Amazing. The title is a line from King Lear. This isn’t a kind of self-help book giving us better communication techniques. Thank goodness. It’s literary analysis that speaks of four writers and their most honest, brutal, autobiographical words. Truly written with their own blood. We feel their brokenness and courage. Their faith, just holding on or completely disappearing. If anything, it’s about being honest with ourselves.
Aug 03, 2019 rated it really liked it
Shelves: literature
Deeply renewing, spiritually honest thoughts on some great writers and their personal darkness. If only Buechner had woven his own story as intimately into theirs as he did with theirs to each others. I was often brought to my own dark places in simplicity and strength, as Buechner so masterfully pulls off in all his writing, but less often brought home to the guiding light that led his meditations. Might be worth a second read on my part.
J. Alfred
Apr 11, 2016 rated it really liked it
Four writers--Hopkins, Twain, Chesterton, and the Bard Himself-- from various genres, time periods, levels of scholarly respect, and continents, are brought together in this book for the purpose of looking at the personal depression they underwent, and some of the ways they dealt with that in their writing. This collection is interesting in a lot of ways: first, if you are interested in any of the authors, it's a good little review and/or new lens for looking at his work. Second, if you're inter ...more
Aug 13, 2008 rated it really liked it
Buechner is one of my favorite writers. Though his most influential work was done in the '80s (ie. the stuff I quote the most), he still writes extremely well crafted and thought provoking novels and essays. I'm not that far into this one, but it seems to meet his high standards.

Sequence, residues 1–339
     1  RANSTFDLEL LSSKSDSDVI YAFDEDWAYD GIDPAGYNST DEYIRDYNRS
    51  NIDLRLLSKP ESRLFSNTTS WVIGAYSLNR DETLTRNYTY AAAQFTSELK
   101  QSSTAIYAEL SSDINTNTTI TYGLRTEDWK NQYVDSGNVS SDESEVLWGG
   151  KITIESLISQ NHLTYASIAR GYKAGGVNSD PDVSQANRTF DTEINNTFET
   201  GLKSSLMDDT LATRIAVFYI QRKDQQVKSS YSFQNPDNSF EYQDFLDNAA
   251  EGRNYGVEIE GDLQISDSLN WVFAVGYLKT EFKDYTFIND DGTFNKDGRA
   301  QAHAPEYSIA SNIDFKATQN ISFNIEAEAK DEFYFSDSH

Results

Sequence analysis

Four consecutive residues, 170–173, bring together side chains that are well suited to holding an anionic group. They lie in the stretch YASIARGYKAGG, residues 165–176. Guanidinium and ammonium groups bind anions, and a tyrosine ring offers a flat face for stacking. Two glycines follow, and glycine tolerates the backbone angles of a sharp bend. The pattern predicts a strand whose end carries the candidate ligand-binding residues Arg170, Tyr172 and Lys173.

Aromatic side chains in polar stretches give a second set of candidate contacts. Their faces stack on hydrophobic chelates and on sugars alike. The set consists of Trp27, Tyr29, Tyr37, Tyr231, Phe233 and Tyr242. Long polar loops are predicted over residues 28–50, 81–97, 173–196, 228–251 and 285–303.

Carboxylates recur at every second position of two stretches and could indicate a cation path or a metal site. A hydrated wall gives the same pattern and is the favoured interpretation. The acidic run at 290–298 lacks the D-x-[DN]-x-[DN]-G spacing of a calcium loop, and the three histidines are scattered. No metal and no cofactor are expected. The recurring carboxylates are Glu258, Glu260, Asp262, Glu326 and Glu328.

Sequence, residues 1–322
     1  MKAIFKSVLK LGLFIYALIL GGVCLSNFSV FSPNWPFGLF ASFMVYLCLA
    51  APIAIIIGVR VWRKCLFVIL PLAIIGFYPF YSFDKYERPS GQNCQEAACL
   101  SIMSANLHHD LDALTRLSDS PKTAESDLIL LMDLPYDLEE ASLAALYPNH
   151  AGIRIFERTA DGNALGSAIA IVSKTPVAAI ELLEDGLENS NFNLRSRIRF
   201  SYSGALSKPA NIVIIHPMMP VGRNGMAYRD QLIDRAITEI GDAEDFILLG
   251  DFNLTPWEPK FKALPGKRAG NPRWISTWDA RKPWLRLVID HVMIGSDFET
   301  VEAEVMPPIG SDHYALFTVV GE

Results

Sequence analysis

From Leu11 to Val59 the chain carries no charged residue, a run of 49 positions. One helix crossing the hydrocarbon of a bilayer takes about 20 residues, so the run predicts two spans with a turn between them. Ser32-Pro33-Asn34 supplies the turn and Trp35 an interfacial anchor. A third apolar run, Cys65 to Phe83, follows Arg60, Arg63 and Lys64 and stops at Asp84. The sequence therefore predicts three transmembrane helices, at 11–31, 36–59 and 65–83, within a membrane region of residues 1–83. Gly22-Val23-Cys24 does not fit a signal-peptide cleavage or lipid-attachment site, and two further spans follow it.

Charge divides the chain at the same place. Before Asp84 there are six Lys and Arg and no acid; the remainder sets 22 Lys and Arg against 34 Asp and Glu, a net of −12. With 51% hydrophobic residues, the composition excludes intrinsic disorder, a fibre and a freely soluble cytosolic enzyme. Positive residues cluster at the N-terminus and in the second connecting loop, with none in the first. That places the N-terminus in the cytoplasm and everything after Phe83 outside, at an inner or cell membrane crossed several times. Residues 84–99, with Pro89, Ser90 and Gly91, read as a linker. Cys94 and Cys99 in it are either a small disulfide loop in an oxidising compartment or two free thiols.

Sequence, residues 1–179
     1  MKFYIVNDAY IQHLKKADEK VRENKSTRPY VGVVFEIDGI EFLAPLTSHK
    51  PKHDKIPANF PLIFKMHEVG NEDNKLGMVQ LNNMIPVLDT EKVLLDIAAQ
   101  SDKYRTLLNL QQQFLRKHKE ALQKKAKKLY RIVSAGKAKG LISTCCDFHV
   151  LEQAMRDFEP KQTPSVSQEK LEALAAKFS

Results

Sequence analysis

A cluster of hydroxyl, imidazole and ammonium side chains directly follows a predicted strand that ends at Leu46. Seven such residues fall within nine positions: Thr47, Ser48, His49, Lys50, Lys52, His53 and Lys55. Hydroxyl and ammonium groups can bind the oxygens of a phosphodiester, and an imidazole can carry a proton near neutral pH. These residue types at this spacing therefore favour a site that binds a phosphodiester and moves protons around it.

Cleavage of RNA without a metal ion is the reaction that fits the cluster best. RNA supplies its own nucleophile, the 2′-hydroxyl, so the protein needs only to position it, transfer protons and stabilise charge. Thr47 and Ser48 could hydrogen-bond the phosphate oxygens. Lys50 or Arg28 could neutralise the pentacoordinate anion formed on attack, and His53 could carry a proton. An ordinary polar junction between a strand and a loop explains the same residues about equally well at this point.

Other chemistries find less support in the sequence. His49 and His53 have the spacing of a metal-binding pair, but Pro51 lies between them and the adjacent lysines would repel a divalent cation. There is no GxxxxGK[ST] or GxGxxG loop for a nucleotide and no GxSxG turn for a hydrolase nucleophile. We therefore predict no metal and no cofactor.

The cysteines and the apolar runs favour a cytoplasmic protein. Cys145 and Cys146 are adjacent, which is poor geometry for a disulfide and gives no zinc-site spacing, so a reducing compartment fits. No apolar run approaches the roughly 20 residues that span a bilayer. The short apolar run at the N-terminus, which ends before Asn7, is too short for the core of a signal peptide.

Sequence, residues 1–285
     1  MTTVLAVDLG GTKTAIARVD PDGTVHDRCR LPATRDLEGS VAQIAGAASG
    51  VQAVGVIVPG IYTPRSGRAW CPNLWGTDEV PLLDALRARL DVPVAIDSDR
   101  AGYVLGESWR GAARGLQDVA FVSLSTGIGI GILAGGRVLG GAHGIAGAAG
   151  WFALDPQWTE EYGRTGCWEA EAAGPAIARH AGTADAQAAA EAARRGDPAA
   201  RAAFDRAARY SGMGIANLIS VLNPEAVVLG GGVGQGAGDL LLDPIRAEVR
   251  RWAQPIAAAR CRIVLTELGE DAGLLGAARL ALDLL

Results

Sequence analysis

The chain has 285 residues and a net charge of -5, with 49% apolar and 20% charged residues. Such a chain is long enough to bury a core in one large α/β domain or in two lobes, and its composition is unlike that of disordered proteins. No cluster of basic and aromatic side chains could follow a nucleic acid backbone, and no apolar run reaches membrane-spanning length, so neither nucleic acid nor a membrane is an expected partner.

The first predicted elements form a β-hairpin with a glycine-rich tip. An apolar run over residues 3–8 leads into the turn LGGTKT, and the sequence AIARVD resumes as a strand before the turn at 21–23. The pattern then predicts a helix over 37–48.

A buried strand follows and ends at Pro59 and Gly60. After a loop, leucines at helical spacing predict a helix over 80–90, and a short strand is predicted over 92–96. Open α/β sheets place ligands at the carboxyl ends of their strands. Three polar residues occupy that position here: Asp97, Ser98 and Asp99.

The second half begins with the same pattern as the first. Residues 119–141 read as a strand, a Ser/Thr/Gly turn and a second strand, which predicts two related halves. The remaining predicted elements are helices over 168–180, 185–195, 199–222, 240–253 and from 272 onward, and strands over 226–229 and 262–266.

This work begins with the great quote from Red Smith that writing is really very easy -- "all you have to do is sit down at the typewriter and open a vein." Buechner tells the stories of four writers whose veins were ope
Jan 16, 2013 rated it it was amazing
Shelves: christian
I've read this book a couple times over, picking it up when I'm looking for something enjoyable to re-read. Chapter by chapter, Buechner takes four writers and their stories (Gerard Manley Hopkins' later sonnets, Mark Twain's The Adventures of Huckleberry Finn, G.K. Chesterton's The Man Who Was Thursday, and William Shakespeare's King Lear) and weaves a discussion around their lives and works, showing how part of the lasting value of these stories comes from the way in which the authors spoke ou ...more
Apr 27, 2013 rated it it was amazing
Shelves: christianity
I can't say enough about this little gem of a book. It's one of the last books Buechner has written. He briefly examines the lives of Hopkins, Twain, Chesterton, and Shakespeare and draws out some moving reflections on the life of faith. In particular, the chapters on Hopkins, Twain, and Shakespeare are worth reading and re-reading. The short afterword is vintage Buechner- honest, touching, graceful, and so well-written. I've been reading his books for over 10 years now. This last volume almost ...more
Oct 19, 2014 rated it it was amazing
What did G.M. Hopkins, Mark Twain, G.K. Chesterton and William Shakespeare all have in common besides being excellent writers? They all struggled with the dark side of human nature (of the demons within, so to speak) and that darkness is revealed in their writing in one way or another. What Frederick Buechner has done is to highlight those struggles and illuminate the darkness so that the reader can understand what was going on at the time they were writing. A masterful critique by one who under ...more
Huntley Cooney
Dec 30, 2009 rated it it was amazing
Literary criticism at its best! This book fits a pretty narrow spectrum, but for my purposes I think it's pretty much a perfect work of literary criticism. Warning: I read a bit of Buechner while in my 30's and realized I would need more life experience to appreciate him. If you don't connect with him yet, put him on your "to read" shelf and pick him up in a decade or two. You'll find a friend.
Debby Zigenis-Lowery
Dec 29, 2013 rated it really liked it